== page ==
Saint-Christophe-des-Bardes – Panorama over the River Barbanne from Sarpe
Here the landscape is more open and the slopes are gentler in contrast with the more pronounced slopes and valleys that slice into the side of the plateau overlooking the River Dordogne.
Below, the line of vegetation meandering through the vines is where the River Barbanne flows, which has been the northern border of the Jurisdiction since 1289. The hills in the distance show the location respectively of Pomerol, Saint-Georges, Montagne and Parsac, each with its own church bell tower. There are also the facades and towers of impressive classical chateaux (Château Saint-Georges, rebuilt in the 18th century by Victor Louis, the architect of Bordeaux’s Grans Theatre) and Gothic Revival edifices (Château des Tours, a medieval fortress restored in the 19th century by Viollet-le-Duc).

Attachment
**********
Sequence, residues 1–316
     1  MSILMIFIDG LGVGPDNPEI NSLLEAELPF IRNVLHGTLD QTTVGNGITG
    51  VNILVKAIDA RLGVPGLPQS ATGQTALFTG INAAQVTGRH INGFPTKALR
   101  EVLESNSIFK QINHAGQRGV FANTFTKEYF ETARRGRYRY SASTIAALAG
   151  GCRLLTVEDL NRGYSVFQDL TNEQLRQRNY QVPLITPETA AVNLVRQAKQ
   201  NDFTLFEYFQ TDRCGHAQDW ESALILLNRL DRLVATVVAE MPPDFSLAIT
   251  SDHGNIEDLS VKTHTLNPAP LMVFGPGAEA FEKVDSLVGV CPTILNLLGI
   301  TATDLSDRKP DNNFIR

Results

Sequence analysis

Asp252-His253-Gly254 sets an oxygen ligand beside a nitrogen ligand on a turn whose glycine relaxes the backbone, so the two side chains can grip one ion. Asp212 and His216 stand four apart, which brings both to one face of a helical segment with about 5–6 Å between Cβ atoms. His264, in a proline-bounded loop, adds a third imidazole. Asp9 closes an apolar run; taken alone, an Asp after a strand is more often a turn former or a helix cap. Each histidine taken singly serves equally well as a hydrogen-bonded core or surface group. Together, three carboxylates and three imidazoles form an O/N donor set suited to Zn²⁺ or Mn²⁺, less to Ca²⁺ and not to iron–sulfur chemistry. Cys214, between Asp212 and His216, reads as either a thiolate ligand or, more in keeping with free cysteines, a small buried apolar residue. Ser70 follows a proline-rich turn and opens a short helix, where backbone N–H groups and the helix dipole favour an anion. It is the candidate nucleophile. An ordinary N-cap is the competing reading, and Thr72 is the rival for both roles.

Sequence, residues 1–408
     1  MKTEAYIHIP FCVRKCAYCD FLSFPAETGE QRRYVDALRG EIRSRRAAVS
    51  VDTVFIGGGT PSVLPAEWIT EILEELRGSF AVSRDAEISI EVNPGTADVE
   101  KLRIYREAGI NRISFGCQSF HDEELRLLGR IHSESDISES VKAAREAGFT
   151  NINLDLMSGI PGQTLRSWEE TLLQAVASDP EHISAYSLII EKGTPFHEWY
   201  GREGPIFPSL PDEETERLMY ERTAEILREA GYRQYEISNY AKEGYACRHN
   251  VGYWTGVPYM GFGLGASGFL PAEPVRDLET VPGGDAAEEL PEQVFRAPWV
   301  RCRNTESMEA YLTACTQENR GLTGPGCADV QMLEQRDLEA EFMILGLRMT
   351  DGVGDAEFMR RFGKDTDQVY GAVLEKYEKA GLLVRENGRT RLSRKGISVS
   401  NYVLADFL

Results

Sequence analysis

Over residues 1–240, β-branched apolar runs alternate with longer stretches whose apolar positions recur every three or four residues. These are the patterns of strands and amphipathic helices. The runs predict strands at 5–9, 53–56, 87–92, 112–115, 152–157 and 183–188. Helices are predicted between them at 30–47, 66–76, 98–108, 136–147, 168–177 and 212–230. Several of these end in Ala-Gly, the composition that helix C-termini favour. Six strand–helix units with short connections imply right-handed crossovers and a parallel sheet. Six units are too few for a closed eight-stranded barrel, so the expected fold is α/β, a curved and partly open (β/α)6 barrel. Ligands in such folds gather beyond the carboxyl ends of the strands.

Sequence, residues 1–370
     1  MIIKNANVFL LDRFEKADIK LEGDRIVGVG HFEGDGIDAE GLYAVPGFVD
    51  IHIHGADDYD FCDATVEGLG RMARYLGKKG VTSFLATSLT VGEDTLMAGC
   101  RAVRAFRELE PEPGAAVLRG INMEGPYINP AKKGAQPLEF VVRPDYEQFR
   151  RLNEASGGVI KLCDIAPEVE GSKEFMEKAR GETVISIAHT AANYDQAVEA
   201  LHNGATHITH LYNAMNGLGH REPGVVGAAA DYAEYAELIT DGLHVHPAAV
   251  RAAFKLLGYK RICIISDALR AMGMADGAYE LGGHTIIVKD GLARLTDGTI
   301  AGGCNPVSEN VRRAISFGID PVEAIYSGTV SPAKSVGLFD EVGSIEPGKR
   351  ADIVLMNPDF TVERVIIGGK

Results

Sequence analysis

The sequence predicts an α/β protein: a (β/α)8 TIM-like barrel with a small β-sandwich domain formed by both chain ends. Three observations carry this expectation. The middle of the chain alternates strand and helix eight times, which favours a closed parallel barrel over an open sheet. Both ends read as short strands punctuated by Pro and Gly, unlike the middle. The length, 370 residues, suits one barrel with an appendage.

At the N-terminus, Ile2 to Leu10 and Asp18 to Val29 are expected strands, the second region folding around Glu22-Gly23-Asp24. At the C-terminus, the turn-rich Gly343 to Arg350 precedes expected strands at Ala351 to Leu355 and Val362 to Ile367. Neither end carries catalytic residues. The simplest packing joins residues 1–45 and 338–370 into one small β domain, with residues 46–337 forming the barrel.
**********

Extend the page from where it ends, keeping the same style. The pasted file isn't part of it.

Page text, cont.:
Today the River Barbanne is a modest stream, but for a long time it was a major contributor to the local economy with no less than around fifteen water mills, on average a kilometre apart. Most of them were built in the Middle Ages and the eastern-most one, Farguet or Parsac Mill in Saint-Christophe-des-Bardes was mentioned as an indicator of the Jurisdiction’s border in 1289. When traditional mills were replaced by industrial flour mills in the 19th century, most of the river-side monuments were abandoned and very often the only thing to remain were their millstreams, which collected the water upstream of the mill wheel.
Windmills, although they were smaller and often more recently built, are better preserved. Their stone towers are scattered across the vantage points of the landscape. Sarpe Mill, built in 1798, is the last in the Jurisdiction to still have its roof and sails. This one was a single mill, while others were built in groups, such as the three neighbouring mills of Laroque: only two have survived today.
Panorama over the River Barbanne from Sarpe
Find out more
View the reading tables on the Jurisdiction map :
They are partners on this project